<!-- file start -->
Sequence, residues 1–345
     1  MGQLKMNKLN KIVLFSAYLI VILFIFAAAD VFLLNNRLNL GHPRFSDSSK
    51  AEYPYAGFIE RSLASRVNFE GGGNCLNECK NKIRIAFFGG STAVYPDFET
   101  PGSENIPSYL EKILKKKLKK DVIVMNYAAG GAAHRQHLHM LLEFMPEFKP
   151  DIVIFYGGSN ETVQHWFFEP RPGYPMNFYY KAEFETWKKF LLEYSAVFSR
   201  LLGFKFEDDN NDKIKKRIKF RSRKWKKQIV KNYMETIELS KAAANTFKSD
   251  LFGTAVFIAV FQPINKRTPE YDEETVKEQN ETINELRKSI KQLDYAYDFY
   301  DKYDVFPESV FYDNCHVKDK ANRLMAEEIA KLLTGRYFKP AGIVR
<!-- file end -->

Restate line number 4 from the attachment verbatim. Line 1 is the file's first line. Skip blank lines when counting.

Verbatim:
   101  PGSENIPSYL EKILKKKLKK DVIVMNYAAG GAAHRQHLHM LLEFMPEFKP